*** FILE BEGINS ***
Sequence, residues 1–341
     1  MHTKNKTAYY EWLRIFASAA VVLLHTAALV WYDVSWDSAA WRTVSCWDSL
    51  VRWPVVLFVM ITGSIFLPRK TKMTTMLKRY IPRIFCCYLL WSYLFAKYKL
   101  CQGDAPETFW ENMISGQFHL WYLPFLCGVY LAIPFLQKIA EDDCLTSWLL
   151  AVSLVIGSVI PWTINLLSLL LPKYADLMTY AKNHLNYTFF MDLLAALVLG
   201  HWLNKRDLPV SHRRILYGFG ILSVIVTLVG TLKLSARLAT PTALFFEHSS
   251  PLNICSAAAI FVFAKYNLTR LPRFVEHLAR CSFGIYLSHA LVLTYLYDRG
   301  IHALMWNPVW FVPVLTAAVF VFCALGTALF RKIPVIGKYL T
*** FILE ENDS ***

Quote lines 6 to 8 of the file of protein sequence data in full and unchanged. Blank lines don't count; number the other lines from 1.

   201  HWLNKRDLPV SHRRILYGFG ILSVIVTLVG TLKLSARLAT PTALFFEHSS
   251  PLNICSAAAI FVFAKYNLTR LPRFVEHLAR CSFGIYLSHA LVLTYLYDRG
   301  IHALMWNPVW FVPVLTAAVF VFCALGTALF RKIPVIGKYL T